I find this troubling inasmuch as mixing a pension manager’s fiduciary responsibility with political incentives invites conflicts. For example, the pension fund could face political pressure to make investments in the districts of influential elected officials, or to lend money on overly liberal terms. The public enterprises that perform well usually are those that do one thing and concentrate on doing it well, and it probably would be best for New York’s teachers if their pension manager focused exclusively on fiduciary concerns rather than try to act as a creator of jobs or an organizer of hurricane-recovery projects. It will be interesting to see what kind of returns these investments yield.

Beyond New York and the handful of funded-up states, the picture looks pretty grim. Key findings from “No One Benefits,” the report referenced above:

Pension systems are severely underfunded. According to the most recent data available, NCTQ estimates that teacher pension systems in the United States have almost $390 billion in unfunded liabilities. Funding shortfalls have grown in all  but 7 states between 2009 and 2012.

Pension underfunding is even worse than meets the eye due to unrealistic assumptions and projections about returns on investments. Even with states almost certainly overestimating how well funded their pension systems are, NCTQ finds that pension systems in just 10 states are, by industry standards, adequately funded.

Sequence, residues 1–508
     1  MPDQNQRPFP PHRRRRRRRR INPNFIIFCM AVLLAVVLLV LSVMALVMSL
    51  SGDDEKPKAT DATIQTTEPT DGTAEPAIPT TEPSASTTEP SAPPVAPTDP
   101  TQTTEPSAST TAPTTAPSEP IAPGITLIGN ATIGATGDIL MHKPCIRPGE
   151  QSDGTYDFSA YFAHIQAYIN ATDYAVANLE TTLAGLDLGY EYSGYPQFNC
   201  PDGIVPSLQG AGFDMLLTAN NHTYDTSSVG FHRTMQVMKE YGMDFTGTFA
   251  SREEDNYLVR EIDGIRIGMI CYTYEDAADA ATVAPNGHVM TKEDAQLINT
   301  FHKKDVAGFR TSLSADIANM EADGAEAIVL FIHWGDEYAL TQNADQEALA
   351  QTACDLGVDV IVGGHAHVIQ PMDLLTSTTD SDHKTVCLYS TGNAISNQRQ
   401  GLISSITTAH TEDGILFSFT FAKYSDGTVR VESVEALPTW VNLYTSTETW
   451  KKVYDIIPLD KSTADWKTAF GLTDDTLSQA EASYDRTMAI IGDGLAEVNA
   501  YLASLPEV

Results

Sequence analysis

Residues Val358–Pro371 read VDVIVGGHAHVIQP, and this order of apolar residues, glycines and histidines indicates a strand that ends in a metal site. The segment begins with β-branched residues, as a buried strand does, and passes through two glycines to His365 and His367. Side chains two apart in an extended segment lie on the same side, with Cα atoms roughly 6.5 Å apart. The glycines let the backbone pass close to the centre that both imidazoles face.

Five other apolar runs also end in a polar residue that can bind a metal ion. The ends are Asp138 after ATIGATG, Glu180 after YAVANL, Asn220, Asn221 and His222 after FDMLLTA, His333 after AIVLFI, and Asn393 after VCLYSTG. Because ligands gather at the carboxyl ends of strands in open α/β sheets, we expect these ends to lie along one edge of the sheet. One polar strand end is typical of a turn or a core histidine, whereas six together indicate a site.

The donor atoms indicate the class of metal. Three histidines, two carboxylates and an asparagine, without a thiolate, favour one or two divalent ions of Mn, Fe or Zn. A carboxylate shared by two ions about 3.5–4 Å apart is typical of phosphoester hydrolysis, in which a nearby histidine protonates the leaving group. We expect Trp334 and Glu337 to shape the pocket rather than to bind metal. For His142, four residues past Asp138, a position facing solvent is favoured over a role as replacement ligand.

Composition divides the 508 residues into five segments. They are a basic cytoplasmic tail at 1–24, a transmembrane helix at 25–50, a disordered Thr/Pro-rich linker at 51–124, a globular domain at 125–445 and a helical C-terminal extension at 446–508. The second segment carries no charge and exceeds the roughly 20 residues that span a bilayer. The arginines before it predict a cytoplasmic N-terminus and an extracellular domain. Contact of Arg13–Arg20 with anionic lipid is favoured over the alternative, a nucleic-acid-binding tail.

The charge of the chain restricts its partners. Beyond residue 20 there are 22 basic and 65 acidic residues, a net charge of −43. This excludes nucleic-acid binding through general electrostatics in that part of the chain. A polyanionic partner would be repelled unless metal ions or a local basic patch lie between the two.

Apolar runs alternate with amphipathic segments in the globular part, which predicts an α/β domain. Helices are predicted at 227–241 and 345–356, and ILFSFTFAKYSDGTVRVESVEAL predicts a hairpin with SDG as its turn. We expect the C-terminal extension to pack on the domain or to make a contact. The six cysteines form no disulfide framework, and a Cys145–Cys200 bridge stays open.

Retirement eligibility rules add to costs. In 38 states, retirement eligibility is based on years of service, rather than age, which is costly to states and taxpayers as it allows teachers to retire relatively young with full lifetime benefits. In the just ten states—Alaska, California, Illinois, Kansas, Maine, Minnesota, New Hampshire, New Jersey, Rhode Island and Washington—that no longer allow teachers to begin collecting a defined benefit pension well before traditional retirement age, states save about $450,000 per teacher, on average.

Most pension systems are inflexible and unfair to teachers. Many assume that defined benefit pension plans are a clear win for teachers. But while most defenders of the status quo fight tooth and nail to preserve traditional pension plans, the reality is that these costly and inflexible models are out of sync with the realities of the modern workforce. Current National Council on Teacher Quality pension systems are built on a model that assumes low mobility and career stability and helps to put public education at a competitive disadvantage with other professions.

Note that the savings per teacher derived from the reform of eligibility rules runs $450,000, or more than two and a half times the average net worth of a retirement-age U.S. household. The real value of the average teacher’s retirement benefits in low-cost Wyoming is pushing the $1 million mark. The value of the average teacher’s retirement in Illinois is estimated at $2.4 million — and they were on strike over compensation not too long ago. Illinois has been issuing debt to meet its pension obligations, an unsustainable strategy.

The economics of the pension situation is of course worrisome (terrifying), but the political lesson is depressing, too: Government simply cannot be trusted to keep honest accounts.

NOTE: This has been corrected since first posting.